Acclaimed directing duo the Dardenne brothers pull it off again with Two Days, One Night. Marion Cotillard plays Sandra, a Belgian worker who is laid off – but if she can convince over half her colleagues to reject their bonus, she’ll be able to keep her job. Two Days, One Night is a complex sociopolitical commentary all wound up in the MacGuffin-fuelled model of a thriller, with a searing performance from Cotillard at its centre. Expect this one to place highly in FilmOnTrial’s 100 Best Films of 2014.

The Cabinet of Dr. Caligari (Das Cabinet Des Dr. Caligari) [1920]cabinetofdrcaligari_1
This 1920 masterpiece is the reason many of the films you watch today look how they look. Or at least, films that rely on the singular power of an image, or on the infinite  emotional canvas that is the human face; whether it was the first horror film or not is up for debate, but The Cabinet of Dr. Caligari remains a potent reminder – despite the inevitable quaintness of some of its more dated qualities – that cinema can be at its most effective as a lens that bends in the light of desire.
Read the review


letsbecops_1Let’s Be Cops [2014]
• Avoid
Let’s Be Cops‘ casually misogynistic air does much to help itself be thrown to the dogs in a critical capacity, while in other places the film is merely a lightly boiled, no-crusts buddy picture whose comic misfires are almost as wafer-thin as the premise-heavy, yet ultimately weightless, plot. Stars Jake Johnson Damon Wayans Jr. also fail to ignite much excitement or believability in their plight.

The Keeper of Lost Causes (Kvinden i buret) [2014]keeperoflostcauses_1
This Danish thriller is an intense, engrossing watch, but soon after you leave the cinema, it’ll already be half-forgotten. Despite its bizarre lack of adhesion to your mind (most likely because we’ve seen everything it’s got to offer before), this is The Girl with the Dragon Tattoo in a breezier mode; if this does indeed turn into a series of movies, they would be welcome, if not particularly well-remembered.

ifistay_1If I Stay
If I Stay is just like the person who turns up at your party, doesn’t seem to actually know anyone, and then doesn’t leave until you kick them out the following morning when they suggest everybody gets pancakes together. In far overstaying its welcome (which it wears out in its first half hour), If I Stay has little to no impact, while Chloë Grace Moretz fails yet again to do anything convincing with a lead role.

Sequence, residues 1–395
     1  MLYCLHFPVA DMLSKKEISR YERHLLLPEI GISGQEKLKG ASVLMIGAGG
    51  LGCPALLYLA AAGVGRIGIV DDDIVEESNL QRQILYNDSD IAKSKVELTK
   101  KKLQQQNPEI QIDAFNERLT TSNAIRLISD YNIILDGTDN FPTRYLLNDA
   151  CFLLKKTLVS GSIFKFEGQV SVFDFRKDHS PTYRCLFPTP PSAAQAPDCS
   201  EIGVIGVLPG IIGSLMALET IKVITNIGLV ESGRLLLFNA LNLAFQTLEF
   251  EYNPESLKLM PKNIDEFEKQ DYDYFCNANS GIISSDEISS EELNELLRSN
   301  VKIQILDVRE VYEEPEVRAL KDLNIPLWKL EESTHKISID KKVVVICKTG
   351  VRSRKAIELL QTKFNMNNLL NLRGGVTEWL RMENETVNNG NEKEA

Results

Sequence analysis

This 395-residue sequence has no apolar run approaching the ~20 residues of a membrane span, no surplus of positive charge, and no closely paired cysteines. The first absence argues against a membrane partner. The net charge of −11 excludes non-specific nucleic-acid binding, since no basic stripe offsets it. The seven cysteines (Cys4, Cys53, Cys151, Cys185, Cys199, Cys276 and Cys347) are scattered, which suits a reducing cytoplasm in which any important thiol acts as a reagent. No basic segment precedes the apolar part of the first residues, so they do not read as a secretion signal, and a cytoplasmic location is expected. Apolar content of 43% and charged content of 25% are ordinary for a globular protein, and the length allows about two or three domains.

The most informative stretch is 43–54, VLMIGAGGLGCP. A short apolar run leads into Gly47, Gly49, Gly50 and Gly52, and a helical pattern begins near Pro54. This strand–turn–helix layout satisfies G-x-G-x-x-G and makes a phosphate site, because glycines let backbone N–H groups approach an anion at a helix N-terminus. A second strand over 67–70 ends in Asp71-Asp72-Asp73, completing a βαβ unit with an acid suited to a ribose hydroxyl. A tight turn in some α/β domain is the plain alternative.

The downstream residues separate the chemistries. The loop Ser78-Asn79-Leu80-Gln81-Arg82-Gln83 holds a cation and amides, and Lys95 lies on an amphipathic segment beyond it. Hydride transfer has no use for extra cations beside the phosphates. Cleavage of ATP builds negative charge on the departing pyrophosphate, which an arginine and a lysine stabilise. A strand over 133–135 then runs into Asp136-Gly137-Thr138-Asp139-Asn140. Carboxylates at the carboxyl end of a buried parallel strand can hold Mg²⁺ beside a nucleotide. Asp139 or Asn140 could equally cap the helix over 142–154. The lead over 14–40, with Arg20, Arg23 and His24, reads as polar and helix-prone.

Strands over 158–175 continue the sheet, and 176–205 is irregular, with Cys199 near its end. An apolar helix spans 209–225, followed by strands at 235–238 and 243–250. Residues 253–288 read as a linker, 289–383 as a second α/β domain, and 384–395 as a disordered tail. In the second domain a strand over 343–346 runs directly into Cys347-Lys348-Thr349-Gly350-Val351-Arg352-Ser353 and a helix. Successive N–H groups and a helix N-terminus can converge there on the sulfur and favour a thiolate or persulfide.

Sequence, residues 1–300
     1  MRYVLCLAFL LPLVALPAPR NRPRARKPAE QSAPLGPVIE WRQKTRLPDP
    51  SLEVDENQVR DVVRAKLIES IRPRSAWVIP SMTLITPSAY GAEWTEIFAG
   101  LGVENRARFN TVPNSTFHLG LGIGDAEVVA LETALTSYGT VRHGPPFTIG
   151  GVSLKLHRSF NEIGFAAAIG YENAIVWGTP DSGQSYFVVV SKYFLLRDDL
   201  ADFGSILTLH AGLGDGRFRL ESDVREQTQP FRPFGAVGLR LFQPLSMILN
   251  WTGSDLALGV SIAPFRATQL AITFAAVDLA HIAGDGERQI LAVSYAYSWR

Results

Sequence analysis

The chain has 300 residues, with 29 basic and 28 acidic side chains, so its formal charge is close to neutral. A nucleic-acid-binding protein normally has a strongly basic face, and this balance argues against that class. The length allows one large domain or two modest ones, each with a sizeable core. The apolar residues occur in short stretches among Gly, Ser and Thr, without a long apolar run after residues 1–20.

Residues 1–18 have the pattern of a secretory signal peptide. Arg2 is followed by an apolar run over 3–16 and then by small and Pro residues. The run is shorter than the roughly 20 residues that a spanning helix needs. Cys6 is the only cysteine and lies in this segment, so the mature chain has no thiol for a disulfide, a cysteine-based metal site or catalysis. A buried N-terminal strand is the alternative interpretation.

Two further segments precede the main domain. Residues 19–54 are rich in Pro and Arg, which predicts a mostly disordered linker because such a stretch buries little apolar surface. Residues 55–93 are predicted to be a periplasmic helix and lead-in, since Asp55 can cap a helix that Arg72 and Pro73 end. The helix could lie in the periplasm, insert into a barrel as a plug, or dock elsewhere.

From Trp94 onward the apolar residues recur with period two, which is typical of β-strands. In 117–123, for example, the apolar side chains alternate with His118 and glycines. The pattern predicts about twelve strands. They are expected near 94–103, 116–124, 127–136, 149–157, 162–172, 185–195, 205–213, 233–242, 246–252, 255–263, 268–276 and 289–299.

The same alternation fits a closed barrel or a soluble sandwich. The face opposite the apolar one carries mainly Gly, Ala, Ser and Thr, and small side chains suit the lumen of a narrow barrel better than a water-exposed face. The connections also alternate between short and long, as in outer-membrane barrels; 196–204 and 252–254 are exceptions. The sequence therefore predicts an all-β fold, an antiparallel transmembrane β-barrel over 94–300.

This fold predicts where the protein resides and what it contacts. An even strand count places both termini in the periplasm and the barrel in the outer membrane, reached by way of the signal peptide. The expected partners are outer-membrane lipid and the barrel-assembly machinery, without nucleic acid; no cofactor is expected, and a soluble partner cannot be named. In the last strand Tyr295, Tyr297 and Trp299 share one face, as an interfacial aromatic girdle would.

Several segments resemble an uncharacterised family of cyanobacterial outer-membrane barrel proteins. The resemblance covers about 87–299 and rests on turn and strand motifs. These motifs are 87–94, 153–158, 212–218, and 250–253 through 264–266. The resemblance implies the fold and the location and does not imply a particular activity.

Million Dollar Arm [2014]milliondollararm_1
Family films from Disney are supposed to be breezy yet joyous affairs, benefitting from their brief run times and leaving a lasting impression as a result. But at an ungainly 124 minutes, Million Dollar Arm doesn’t seem to know what to do with its otherwise agreeable star with a million-dollar smile, Jon Hamm, or its pennies-worth screenplay. Sports movies are supposed to be about overcoming great struggle; just getting through one viewing of Million Dollar Arm is enough of one.

thehustler_1The Hustler [1961]
• Recommended
Skewed, sinister yet soulful, The Hustler helped kick Paul Newman’s career straight into the stratosphere. An expert pool player, Eddie Felson (Newman), tries his luck in the pool hall and in romance, but enters a world where gambling and conning becomes an unwanted shorthand for Felson’s life.

The Color of Money [1986]colorofmoney_1
The thought of Martin Scorsese directing a sequel to the classic The Hustler, with Paul Newman returning as Eddie Felson and hot new actor Tom Cruise joining as Vincent, must have been incredibly exciting for film fans in 1986. The results, while beautifully composed by Scorsese’s hand, are scattershot; the initial promise of a road trip-style picture is soon gulfed by problems of an extraordinarily dated soundtrack, and camera flourishes that a first-year film degree student wouldn’t be seen dead trying out. It’s not all bad, of course; Newman is a revelation as an older, yet still energetic Eddie, and Cruise strikes just the right balance between immense talent and unearned arrogance.

adventuresofbaronmunchausen_1The Adventures of Baron Munchausen [1988]
• Recommended
No one other than Terry Gilliam seems able to capture the spirit of an adventure quite the way he does. Baron Munchausen is a ludicrous, remarkable achievement in a bare-bones story that’s filled with magnetic, colourful characters, which captures the sense of excitement at the journey ahead while also serving as a postmodern peep under the bonnet of just what makes storytelling so important.

The Boys from Brazil [1978]boysfrombrazil_1
While its conceit is absurd (which won’t be spoiled for you here), The Boys from Brazil grows and grows before you’ve realised that it’s successfully burrowed under your skin. To say the acting is the highlight would be a no-brainer; Laurence Olivier, Gregory Peck and James Mason all pull the movie out of the realms of implausibility, and into prestige-pitch glory.

Follow the Editor on Twitter: @GaryGreenScreen


About GaryGreenScreen

Freelance film critic.


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Gary Green: Freelance film critic.